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3. GDB Commands

You can abbreviate a GDB command to the first few letters of the command name, if that abbreviation is unambiguous; and you can repeat certain GDB commands by typing just RET. You can also use the TAB key to get GDB to fill out the rest of a word in a command (or to show you the alternatives available, if there is more than one possibility).

3.1 Command syntax  How to give commands to GDB
3.2 Command completion  
3.3 Getting help  How to ask GDB for help

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3.1 Command syntax

A GDB command is a single line of input. There is no limit on how long it can be. It starts with a command name, which is followed by arguments whose meaning depends on the command name. For example, the command step accepts an argument which is the number of times to step, as in `step 5'. You can also use the step command with no arguments. Some commands do not allow any arguments.

GDB command names may always be truncated if that abbreviation is unambiguous. Other possible command abbreviations are listed in the documentation for individual commands. In some cases, even ambiguous abbreviations are allowed; for example, s is specially defined as equivalent to step even though there are other commands whose names start with s. You can test abbreviations by using them as arguments to the help command.

A blank line as input to GDB (typing just RET) means to repeat the previous command. Certain commands (for example, run) will not repeat this way; these are commands whose unintentional repetition might cause trouble and which you are unlikely to want to repeat.

The list and x commands, when you repeat them with RET, construct new arguments rather than repeating exactly as typed. This permits easy scanning of source or memory.

GDB can also use RET in another way: to partition lengthy output, in a way similar to the common utility more (see section Screen size). Since it is easy to press one RET too many in this situation, GDB disables command repetition after any command that generates this sort of display.

Any text from a # to the end of the line is a comment; it does nothing. This is useful mainly in command files (see section Command files).

The C-o binding is useful for repeating a complex sequence of commands. This command accepts the current line, like RET, and then fetches the next line relative to the current line from the history for editing.

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3.2 Command completion

GDB can fill in the rest of a word in a command for you, if there is only one possibility; it can also show you what the valid possibilities are for the next word in a command, at any time. This works for GDB commands, GDB subcommands, and the names of symbols in your program.

Press the TAB key whenever you want GDB to fill out the rest of a word. If there is only one possibility, GDB fills in the word, and waits for you to finish the command (or press RET to enter it). For example, if you type

(gdb) info bre TAB

GDB fills in the rest of the word `breakpoints', since that is the only info subcommand beginning with `bre':

(gdb) info breakpoints

You can either press RET at this point, to run the info breakpoints command, or backspace and enter something else, if `breakpoints' does not look like the command you expected. (If you were sure you wanted info breakpoints in the first place, you might as well just type RET immediately after `info bre', to exploit command abbreviations rather than command completion).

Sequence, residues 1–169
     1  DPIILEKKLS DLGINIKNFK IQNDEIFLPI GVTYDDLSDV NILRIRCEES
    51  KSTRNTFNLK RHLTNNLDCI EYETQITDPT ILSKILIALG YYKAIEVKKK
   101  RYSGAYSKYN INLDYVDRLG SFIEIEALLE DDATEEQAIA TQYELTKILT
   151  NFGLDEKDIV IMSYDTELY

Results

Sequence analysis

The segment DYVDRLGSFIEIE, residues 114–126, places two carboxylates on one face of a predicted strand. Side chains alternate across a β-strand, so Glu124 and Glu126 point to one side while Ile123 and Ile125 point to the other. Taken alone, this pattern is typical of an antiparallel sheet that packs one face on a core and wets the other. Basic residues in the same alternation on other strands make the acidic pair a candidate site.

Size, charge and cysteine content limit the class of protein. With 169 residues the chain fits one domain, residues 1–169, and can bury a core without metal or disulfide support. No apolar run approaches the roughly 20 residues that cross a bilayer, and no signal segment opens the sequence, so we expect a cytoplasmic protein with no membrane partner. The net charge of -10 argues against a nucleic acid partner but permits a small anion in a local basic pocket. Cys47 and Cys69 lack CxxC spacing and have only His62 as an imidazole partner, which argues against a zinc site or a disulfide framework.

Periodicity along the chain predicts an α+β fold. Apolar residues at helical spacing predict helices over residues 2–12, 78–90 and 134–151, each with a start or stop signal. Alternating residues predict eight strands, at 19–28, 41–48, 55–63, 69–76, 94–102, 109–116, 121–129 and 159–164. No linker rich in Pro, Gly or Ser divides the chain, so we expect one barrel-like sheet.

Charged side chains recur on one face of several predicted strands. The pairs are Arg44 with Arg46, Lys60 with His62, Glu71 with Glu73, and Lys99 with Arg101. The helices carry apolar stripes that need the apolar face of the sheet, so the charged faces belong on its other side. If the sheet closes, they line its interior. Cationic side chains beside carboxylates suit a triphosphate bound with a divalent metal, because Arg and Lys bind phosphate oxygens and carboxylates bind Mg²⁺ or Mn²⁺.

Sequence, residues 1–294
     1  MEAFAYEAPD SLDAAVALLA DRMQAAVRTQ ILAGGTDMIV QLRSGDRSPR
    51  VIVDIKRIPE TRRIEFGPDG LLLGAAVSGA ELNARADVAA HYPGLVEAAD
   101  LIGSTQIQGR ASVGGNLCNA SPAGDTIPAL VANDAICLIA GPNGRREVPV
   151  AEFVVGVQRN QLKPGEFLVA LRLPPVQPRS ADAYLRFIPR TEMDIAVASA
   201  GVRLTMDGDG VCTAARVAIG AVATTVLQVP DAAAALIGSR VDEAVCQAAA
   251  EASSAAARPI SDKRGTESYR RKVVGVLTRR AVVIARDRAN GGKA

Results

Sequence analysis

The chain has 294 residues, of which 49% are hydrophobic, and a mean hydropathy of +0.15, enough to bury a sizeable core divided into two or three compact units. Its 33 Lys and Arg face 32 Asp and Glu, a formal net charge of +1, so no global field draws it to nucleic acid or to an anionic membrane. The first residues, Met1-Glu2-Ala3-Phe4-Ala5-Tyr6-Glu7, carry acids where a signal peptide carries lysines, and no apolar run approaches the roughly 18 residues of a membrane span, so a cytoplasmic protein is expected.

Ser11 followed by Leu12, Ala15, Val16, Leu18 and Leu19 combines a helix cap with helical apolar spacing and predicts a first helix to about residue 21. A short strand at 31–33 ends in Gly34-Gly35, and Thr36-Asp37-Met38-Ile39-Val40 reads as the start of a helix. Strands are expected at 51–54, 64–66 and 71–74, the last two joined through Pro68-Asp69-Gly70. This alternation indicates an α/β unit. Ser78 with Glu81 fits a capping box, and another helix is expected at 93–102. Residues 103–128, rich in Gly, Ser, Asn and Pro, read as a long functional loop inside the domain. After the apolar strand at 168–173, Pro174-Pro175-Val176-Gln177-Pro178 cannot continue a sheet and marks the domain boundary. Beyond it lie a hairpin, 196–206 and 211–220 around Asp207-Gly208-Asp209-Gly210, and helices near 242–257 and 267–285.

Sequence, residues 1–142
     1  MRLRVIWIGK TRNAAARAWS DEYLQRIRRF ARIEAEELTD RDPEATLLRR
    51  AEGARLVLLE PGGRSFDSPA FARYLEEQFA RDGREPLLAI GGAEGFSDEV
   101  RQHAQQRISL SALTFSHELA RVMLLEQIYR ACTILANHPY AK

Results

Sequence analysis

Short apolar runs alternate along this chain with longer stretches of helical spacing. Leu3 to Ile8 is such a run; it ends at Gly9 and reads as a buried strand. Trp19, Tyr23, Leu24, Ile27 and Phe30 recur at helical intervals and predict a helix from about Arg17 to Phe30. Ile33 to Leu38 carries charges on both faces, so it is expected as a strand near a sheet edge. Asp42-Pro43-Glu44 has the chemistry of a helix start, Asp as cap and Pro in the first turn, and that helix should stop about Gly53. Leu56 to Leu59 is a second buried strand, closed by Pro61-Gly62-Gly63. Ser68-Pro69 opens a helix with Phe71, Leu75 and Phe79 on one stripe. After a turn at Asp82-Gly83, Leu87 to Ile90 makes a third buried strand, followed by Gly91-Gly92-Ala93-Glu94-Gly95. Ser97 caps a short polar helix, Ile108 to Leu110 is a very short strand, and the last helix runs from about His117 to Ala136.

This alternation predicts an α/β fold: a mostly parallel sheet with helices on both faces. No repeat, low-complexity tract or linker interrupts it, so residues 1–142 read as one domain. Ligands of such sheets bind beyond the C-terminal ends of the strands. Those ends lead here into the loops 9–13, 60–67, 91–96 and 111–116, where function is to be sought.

If there is more than one possibility for the next word when you press TAB, GDB sounds a bell. You can either supply more characters and try again, or just press TAB a second time; GDB displays all the possible completions for that word. For example, you might want to set a breakpoint on a subroutine whose name begins with `make_', but when you type b make_TAB GDB just sounds the bell. Typing TAB again displays all the function names in your program that begin with those characters, for example:

(gdb) b make_ TAB
GDB sounds bell; press TAB again, to see:
make_a_section_from_file     make_environ
make_abs_section             make_function_type
make_blockvector             make_pointer_type
make_cleanup                 make_reference_type
make_command                 make_symbol_completion_list
(gdb) b make_

After displaying the available possibilities, GDB copies your partial input (`b make_' in the example) so you can finish the command.

If you just want to see the list of alternatives in the first place, you can press M-? rather than pressing TAB twice. M-? means META ?. You can type this either by holding down a key designated as the META shift on your keyboard (if there is one) while typing ?, or as ESC followed by ?.

Sometimes the string you need, while logically a "word", may contain parentheses or other characters that GDB normally excludes from its notion of a word. To permit word completion to work in this situation, you may enclose words in ' (single quote marks) in GDB commands.

The most likely situation where you might need this is in typing the name of a C++ function. This is because C++ allows function overloading (multiple definitions of the same function, distinguished by argument type). For example, when you want to set a breakpoint you may need to distinguish whether you mean the version of name that takes an int parameter, name(int), or the version that takes a float parameter, name(float). To use the word-completion facilities in this situation, type a single quote ' at the beginning of the function name. This alerts GDB that it may need to consider more information than usual when you press TAB or M-? to request word completion: